(Even more tangentially, the only thing that irks one about the movie, TROY, is that it'll do anything but address the question of the love story between Achilles and Patroclus, with the result that when Achilles goes berserk over the kid's death, the story tips off-kilter. That kind of suicidal insanity, following someone's death, is much, much more usual and predictable, in the death of a spouse, or one's own offspring. We KNOW what Homer is saying, via the histrionics in the story ... but the producers of the movie were sinking a hundred million tosherinos into this film, and probably didn't dare put a gay spin on any of it, for fear of alienating part of their audience and jeopardizing the picture's money-making potential. Makes sense, on those terms. But, damn, you could wish...)

Anyway, a quick buzz over to Amazon should turn up this book, for a song. It's not merely fathoms deep in information, but Strauss writes very, very well. There are times when this text book reads like a novel. It gets to be a page-turner, which is most unusual for a non-fiction work. Tip: watch the DVD first (yeah, yeah, I know, any bloody excuse to look at Achilles and Paris romping around in sunblock and smiles), and then read the book. You'll be surprised how much you'll get out of the book after the movie "brought it to life" ... you'll also be surprised by the deeper perspective the book will give you on the movie you just saw.

Tangent complete: back to THE LORDS OF HARBENDANE!

The challenge, putting together a book like this, is in avoiding the list of DON'Ts, as much as in obeying the list of DOs. A couple of points are absolutely critical. Such as, avoid the temptation or tendency to do anything even remotely like Lord of the Rings, because it's so well known, readers will assume you copied, even though the original draft of your novel goes back 15 years! (To these ends, the city of Althea is built of gray granite, does not have white walls, stands several miles from the gorge of the Harbendane River, is reached by a bridge, and shows the patterns of having been built in segments over many centuries. There: try and misconstrue this one as Minas Tirith, if you can!) Next ... try desperately to avoid any likeness to the white, anglo saxon type heroes, even if the book has a quasi-Norse sound about it! You'll notice that one of the "archetypes" we've used in the "color sketch" work, in development for the cover (to your right) is anything but anglo-saxon. He's an islander, a Zhenander, in fact ... taller and brawnier than everyone else; could be Jamaican, or Maori, or Hawaiian, depending on where the reader's fancy is headed at the time of reading. (There: read Aragorn, Boromir, Faramir, Legolas, Haldir, Celeborn or Elrond into this character, if you can!)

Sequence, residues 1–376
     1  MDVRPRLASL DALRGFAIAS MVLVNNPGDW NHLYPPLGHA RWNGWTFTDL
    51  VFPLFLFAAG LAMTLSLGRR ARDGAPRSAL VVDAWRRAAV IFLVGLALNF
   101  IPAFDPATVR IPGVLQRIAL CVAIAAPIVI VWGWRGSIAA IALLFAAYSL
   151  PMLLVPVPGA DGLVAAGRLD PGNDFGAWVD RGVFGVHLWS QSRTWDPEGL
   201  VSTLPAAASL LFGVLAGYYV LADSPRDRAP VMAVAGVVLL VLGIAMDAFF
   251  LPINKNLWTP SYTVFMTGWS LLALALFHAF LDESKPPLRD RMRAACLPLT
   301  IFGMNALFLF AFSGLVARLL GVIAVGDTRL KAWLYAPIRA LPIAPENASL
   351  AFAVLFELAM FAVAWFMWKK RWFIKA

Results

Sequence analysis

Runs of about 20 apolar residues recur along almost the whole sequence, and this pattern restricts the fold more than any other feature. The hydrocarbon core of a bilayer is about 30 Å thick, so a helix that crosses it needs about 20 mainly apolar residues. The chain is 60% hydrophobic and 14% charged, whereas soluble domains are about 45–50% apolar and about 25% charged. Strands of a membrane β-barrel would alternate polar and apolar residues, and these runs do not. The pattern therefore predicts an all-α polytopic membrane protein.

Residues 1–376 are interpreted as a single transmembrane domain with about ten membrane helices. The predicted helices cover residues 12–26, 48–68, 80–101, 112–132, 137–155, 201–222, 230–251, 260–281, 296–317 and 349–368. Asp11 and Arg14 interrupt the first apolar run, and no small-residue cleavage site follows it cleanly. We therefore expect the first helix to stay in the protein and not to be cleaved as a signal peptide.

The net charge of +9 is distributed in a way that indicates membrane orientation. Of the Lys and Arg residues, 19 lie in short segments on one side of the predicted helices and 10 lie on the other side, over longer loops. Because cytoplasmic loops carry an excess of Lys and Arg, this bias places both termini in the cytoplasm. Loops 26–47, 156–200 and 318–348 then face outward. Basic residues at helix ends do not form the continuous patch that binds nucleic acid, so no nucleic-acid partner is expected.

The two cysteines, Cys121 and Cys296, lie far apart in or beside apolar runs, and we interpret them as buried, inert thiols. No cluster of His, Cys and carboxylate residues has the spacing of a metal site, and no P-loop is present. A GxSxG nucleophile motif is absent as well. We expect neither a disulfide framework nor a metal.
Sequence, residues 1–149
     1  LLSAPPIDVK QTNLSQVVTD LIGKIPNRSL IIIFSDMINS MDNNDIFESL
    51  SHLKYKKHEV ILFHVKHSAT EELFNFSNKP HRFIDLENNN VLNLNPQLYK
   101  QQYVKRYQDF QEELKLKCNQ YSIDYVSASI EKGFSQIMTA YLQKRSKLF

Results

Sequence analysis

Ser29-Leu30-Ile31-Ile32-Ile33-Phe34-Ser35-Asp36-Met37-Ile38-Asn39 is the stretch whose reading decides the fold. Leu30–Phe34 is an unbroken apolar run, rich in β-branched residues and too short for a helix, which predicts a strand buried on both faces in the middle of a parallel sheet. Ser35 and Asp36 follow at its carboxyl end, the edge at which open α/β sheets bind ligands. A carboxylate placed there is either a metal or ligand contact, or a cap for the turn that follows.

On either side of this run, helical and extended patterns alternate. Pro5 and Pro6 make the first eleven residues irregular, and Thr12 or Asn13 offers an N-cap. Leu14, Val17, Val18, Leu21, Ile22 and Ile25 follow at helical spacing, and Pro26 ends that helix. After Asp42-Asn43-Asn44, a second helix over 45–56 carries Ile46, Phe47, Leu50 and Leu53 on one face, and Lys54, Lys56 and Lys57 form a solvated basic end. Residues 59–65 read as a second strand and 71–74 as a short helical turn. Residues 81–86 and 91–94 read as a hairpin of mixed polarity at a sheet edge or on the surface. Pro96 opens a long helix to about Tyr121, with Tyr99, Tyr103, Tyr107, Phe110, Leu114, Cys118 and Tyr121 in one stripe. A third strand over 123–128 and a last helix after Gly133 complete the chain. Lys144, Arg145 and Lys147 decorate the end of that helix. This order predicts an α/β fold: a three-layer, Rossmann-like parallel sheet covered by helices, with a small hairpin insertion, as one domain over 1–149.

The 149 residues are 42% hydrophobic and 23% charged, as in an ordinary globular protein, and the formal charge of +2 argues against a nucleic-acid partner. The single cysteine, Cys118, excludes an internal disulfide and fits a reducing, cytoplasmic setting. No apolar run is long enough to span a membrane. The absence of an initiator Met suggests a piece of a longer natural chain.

And of course, since the geography is so different, as well as the distribution of our various human gene-types, society, culture, religion, mythology, is all in the process of being reborn. And it's huge fun. At this point I'm working with elements of Greek and Native American mythology, but trust me: you're not going to spend 200pp of the book (it's quite a long book) playing "spot the legend." In fact, you'll have plenty more to hook onto: this is also one of the classic "first time" stories, where The Romantic Interests have never met before the story opens. And a good time will be had by all.

Look for the book in late October ... and yes, it's going to make a great Christmas gift. I'm planning to give copies myself. And speaking of all this -- I ought to get back to work. Which is a crying shame, because it's a glorious blue-sky day out there, the parrots are chirping, the ducks are nesting in the ribbon plants (!), and if this were a KDO (acronym: Keegan's Day Off ... they are infrequent. Rats) I'd be somewhere in the middle of the national park --

Work! Right.